Submandibular clipping

2% lignocaine 1:80000 adrenaline via dental syringe and needle is used for infiltration of the floor of the mouth (see Figure 1). The sublingual papilla (opening of Wharton’s duct) and the plica sublinugualis are identified and halfway between the two landmarks, a superficial mucosal incision is made using needle-point-monopolar diathermy (see Figure 2). Care must be taken not to make this initial incision too deep so as to prevent injury to the duct. Blunt dissection is then performed to identify the duct which is then skeletonised and a length of 0.5cm of the duct is cleared from surrounding connective tissues (see Figure 3). Vascular clips (Ligaclips, No. 100) are applied to the duct, one distal and two proximally (see Figure 4) and then the duct is divided. The mucosal incision is then closed with 5.0 vicryl (see Figure 5).


Figure 6. Lacrimal probe used to identify opening of Stenson’s duct.


Figure 7. Circular incision with monopolar needle.


Figure 8. Allis forceps grasping surrounding mucosa and cannulated duct.


Figure 9. 0.5cms of duct skeletonised.


Figure 10. Clips applied to duct.


Figure 11. Mucosal incision closed with 5.0 vicryl.


Parotid duct clipping

The Stensen duct orifice is identified adjacent to the second upper molar on the buccal mucosa and cannulated using a lacrimal probe, which can prove difficult to identify in children with craniofacial abnormalities due to altered anatomy (see Figure 6). The area around the duct is infiltrated with 2% lignocaine 1:80000 adrenaline via dental syringe and needle. A circular incision is made around the opening using a monopolar needle (see Figure 7). Care must be taken to not go too deep, superficial to the probe as the duct may be injured. Once the incision is complete the probe in situ, along with the small island of mucosa, is grasped using an Allis clamp (see Figure 8). The soft tissue around the probe is then dissected by a combination of blunt and sharp dissections. Whilst the probe remains in the duct, this is simple to do without transecting the duct. When most of the soft tissue is removed the probe can be seen through the duct clearly. At this point the allis is removed and the probe withdrawn. The mucosal island is grasped with forceps and two vascular clips are applied (see Figure 10). The duct opening is buried and the mucosal incision is closed with 5.0 vicryl (see Figure 11).

The incisions, particularly in the cheek, should be closed accurately to prevent the patient from chewing on it. The mouth is washed and, after a short period of observation to ensure recovery from anaesthesia, the patient is discharged home.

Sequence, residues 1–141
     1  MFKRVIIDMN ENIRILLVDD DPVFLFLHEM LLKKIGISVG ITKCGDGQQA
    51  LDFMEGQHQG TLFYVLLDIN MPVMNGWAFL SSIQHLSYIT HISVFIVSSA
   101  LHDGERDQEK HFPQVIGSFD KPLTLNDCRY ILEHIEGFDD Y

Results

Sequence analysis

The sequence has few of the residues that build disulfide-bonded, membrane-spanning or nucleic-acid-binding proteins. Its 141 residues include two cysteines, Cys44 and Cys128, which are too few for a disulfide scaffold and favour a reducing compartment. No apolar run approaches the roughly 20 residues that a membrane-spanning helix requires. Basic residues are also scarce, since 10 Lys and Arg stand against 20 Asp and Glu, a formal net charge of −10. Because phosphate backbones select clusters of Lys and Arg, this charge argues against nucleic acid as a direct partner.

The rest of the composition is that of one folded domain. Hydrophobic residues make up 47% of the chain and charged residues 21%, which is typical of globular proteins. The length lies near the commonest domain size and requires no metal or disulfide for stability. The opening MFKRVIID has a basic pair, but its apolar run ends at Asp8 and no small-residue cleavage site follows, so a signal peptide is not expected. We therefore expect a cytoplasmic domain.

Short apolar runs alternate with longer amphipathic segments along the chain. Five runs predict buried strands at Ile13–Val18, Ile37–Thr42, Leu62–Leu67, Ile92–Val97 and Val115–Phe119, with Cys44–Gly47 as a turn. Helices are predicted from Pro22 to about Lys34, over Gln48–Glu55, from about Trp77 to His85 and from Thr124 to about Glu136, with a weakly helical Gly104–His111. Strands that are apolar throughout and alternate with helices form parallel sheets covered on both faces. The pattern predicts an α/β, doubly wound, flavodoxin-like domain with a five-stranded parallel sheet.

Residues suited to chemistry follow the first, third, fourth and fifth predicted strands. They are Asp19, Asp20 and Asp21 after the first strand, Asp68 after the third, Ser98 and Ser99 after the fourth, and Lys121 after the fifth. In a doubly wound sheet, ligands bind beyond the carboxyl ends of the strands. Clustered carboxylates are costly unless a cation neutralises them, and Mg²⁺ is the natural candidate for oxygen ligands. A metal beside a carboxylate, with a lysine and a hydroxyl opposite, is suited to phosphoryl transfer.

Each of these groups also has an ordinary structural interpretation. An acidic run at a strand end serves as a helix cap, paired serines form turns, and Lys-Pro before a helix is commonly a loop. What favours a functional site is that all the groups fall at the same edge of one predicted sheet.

Klem and Mair, originally described salivary ligation in a series of five patients in 1999 [5]. They reported a substantial decrease in drooling in all five patients. Following this in 2003, Shirley et al reported that salivary duct clipping was successful in 81% of their 21-patient series using a subjective post-procedure questionnaire [6]. Hakim et al retrospectively reviewed a series of 18 patients in 2008 and found a significant reduction in the number of bibs and shirts used (P<.001), an improvement in circumoral skin problems, choking episodes and aspiration and a positive impact on the mean Glasgow Children’s Benefit Index (GCBI) [7]. More recently, Scheffer et al reported significant reduction in both drooling quotient score and caregivers visual analogue scale in a series of 21 patients [14].

Potential complications

Clipping obstructs the salivary ducts and concerns were raised about potential postoperative sialadenitis or post-prandial pain and swelling. Postoperative transient neck swelling was noted in all 21 patients in Shirley’s series. However, there were no similar issues reported by Hakim et al nor Klem et al.

Our experience in Sheffield is that the postoperative period is uneventful, and gland swelling is unusual. Clipping of the ducts may lead to functional atrophy of the glands. This mechanism has been confirmed in the literature with decreased uptake in technetium 99m albumin aggregate scans after duct clipping [5].

Comparison to medical treatments

Medical treatments are an alternative to salivary clipping; however failure occurs in up to two thirds of patients that subsequently undergo clipping [7]. The two main medical treatments are botulinum toxin injections and anticholinergic medications.

There is good evidence for the efficacy of botulinum toxin [4], but the effects are temporary, meaning frequent hospital trips for already complex children and potentially multiple anaesthetics as described in a series of 45 children by Jongerius et al [8], in comparison to one anaesthetic for clipping surgery.